Inflation A Top Issue For Americans, Poll Shows

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News & Politics
Damir Mujezinovic

The coronavirus pandemic is still raging and so is the war in Ukraine, which will soon enter its third month.

The turbulence caused by the virus and Russian aggression has resulted in sky-high inflation, with prices of various goods and services surging in the United States.

According to new research, Americans are far from optimistic when it comes to the economy and consider inflation the number one issue today.

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In the latest CNBC All-America Economic Survey, inflation was chosen as the top issue facing the country by 48 percent of respondents.

Inflation was rated as a more pressing issue than the war in Ukraine, immigration, border security, jobs, climate change, and coronavirus.

Forty-seven percent of respondents in the poll described the economy as "poor," which was the highest number recorded since 2012, and only 17 percent described it as excellent or good.

Who Is To Blame?

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Who is to blame for record-high inflation?

Sixty-nine percent of respondents in the poll said supply chain disruption, while 66 percent said inflation was the result of corporations jacking up prices.

Fifty-five percent blamed Russian President Vladimir Putin, and 49 percent blamed President Joe Biden. Just 28 percent placed the blame on former President Donald Trump's policies, and around 30 percent blamed the Federal Reserve.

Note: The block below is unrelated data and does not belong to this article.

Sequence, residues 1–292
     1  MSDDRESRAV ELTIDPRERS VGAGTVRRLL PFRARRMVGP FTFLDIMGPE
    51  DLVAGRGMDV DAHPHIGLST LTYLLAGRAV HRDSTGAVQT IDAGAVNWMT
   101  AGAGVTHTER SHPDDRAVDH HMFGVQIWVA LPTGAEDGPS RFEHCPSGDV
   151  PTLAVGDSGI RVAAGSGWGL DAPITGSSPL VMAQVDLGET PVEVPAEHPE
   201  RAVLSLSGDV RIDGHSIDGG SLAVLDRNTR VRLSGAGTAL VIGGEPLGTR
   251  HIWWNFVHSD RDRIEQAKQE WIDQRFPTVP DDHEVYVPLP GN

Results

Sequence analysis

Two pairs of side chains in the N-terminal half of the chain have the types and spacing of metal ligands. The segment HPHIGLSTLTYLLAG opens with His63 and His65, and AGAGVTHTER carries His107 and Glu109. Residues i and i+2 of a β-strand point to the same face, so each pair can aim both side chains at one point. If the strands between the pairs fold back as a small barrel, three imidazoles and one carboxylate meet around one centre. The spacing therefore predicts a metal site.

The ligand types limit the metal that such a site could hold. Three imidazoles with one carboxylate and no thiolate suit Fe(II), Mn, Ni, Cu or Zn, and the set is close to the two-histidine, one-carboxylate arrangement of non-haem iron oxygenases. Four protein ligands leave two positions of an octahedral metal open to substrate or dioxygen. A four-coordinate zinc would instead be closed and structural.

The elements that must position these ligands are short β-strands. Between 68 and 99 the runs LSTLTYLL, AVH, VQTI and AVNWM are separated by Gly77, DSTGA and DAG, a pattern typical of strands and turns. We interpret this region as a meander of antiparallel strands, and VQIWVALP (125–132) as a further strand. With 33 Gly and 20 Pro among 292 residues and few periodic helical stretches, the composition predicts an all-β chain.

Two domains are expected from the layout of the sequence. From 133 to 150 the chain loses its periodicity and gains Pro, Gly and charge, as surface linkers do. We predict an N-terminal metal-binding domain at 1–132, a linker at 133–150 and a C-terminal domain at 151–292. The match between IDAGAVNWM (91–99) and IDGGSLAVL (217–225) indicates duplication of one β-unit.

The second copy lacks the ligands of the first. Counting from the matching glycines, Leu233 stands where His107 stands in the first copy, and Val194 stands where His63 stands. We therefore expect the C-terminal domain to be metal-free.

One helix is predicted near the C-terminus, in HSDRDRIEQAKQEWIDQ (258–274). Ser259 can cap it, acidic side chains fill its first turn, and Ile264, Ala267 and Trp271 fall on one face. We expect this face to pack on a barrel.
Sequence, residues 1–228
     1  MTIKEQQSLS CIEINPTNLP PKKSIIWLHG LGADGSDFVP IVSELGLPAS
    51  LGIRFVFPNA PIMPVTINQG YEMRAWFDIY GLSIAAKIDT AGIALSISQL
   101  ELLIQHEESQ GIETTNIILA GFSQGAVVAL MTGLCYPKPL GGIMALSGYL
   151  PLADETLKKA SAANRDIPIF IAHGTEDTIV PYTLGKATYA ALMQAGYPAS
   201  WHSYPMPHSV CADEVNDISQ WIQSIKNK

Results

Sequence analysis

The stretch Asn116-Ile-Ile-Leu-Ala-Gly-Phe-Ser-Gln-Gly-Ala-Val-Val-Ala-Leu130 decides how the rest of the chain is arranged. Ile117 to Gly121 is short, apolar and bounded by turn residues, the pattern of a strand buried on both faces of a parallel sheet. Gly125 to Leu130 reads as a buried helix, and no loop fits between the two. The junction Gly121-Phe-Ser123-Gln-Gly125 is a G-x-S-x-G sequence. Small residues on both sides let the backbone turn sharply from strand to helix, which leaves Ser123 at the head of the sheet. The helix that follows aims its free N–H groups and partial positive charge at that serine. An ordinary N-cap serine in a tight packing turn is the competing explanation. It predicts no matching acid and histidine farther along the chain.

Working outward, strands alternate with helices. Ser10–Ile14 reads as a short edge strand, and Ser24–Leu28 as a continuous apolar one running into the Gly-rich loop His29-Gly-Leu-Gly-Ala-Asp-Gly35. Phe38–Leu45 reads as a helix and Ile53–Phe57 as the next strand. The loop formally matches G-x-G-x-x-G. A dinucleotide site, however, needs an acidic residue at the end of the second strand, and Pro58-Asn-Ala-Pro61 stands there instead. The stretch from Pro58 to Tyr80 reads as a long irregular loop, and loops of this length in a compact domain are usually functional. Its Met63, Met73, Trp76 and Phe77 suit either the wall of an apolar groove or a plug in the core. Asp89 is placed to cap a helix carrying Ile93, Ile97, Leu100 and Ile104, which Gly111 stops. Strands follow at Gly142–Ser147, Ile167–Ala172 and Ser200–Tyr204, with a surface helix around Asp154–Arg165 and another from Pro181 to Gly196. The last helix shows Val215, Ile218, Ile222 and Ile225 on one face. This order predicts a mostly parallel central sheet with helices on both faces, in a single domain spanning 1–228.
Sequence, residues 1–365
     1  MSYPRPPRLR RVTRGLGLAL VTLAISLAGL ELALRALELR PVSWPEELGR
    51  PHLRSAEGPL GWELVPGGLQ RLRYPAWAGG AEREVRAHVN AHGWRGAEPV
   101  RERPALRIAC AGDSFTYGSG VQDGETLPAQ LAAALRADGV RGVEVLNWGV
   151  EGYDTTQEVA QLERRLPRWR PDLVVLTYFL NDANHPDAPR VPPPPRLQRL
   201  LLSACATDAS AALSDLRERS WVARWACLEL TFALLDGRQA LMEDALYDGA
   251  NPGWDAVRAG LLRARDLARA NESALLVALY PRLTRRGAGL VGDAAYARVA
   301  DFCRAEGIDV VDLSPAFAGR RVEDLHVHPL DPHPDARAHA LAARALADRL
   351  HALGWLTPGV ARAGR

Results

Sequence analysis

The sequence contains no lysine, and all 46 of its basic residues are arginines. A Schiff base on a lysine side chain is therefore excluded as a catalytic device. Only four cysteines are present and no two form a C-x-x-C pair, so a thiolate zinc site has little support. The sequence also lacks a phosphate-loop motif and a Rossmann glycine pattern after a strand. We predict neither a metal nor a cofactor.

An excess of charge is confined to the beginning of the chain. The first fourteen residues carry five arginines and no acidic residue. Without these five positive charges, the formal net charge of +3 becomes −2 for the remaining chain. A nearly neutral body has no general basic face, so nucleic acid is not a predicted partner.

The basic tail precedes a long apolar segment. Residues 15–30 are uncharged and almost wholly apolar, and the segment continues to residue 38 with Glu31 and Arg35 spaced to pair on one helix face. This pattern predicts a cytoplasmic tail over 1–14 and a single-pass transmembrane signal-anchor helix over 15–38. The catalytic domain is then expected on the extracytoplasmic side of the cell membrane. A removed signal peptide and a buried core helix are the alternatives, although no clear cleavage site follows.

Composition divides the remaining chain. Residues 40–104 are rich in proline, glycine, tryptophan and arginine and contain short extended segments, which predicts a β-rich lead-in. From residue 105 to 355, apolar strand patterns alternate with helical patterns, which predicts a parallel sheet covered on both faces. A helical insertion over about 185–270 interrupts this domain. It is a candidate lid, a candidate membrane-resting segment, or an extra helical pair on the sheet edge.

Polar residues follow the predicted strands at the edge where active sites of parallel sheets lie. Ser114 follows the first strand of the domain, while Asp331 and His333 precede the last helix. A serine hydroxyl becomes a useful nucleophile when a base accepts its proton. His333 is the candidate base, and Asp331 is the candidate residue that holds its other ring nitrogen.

The survey also found that 84 percent of Americans are cutting back on spending.

Bipartisan Concern

Both Republicans and Democrats are worried about inflation, according to Democratic pollster Jay Campbell.

"Cost of living has just blown everything else, including COVID, out of the water. And part of the reason for that is, there are attitudes about the economy that are largely a partisan phenomenon. That is not the case with inflation, or at least not right now. It is the top issue for Democrats, independents and Republicans," Campbell said.

Republican pollster Micah Roberts, meanwhile, said "there’s no overwriting the pessimism in this survey... it is on every page, and it is inescapable."

"The angst was previously more about what was going to happen in the economy, and we’ve now shifted into a new place where we’re much more much pessimistic about what’s currently happening," he added.

Will Inflation Subside?

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Prices will remain high, but inflation has peaked already, according to experts.

"Consumer inflation likely peaked in March as the Russian invasion caused a sharp spike in food and energy costs," Nationwide senior economist Ben Ayers told Forbes, noting that he expects prices to remain high through 2022 and into 2023.

Moody’s Analytics chief economist Mark Zandi, meanwhile, said the next few months will be "tough," but stressed that "it feels like we're topping out."

Zandi added, however, that the odds of a recession are one in three.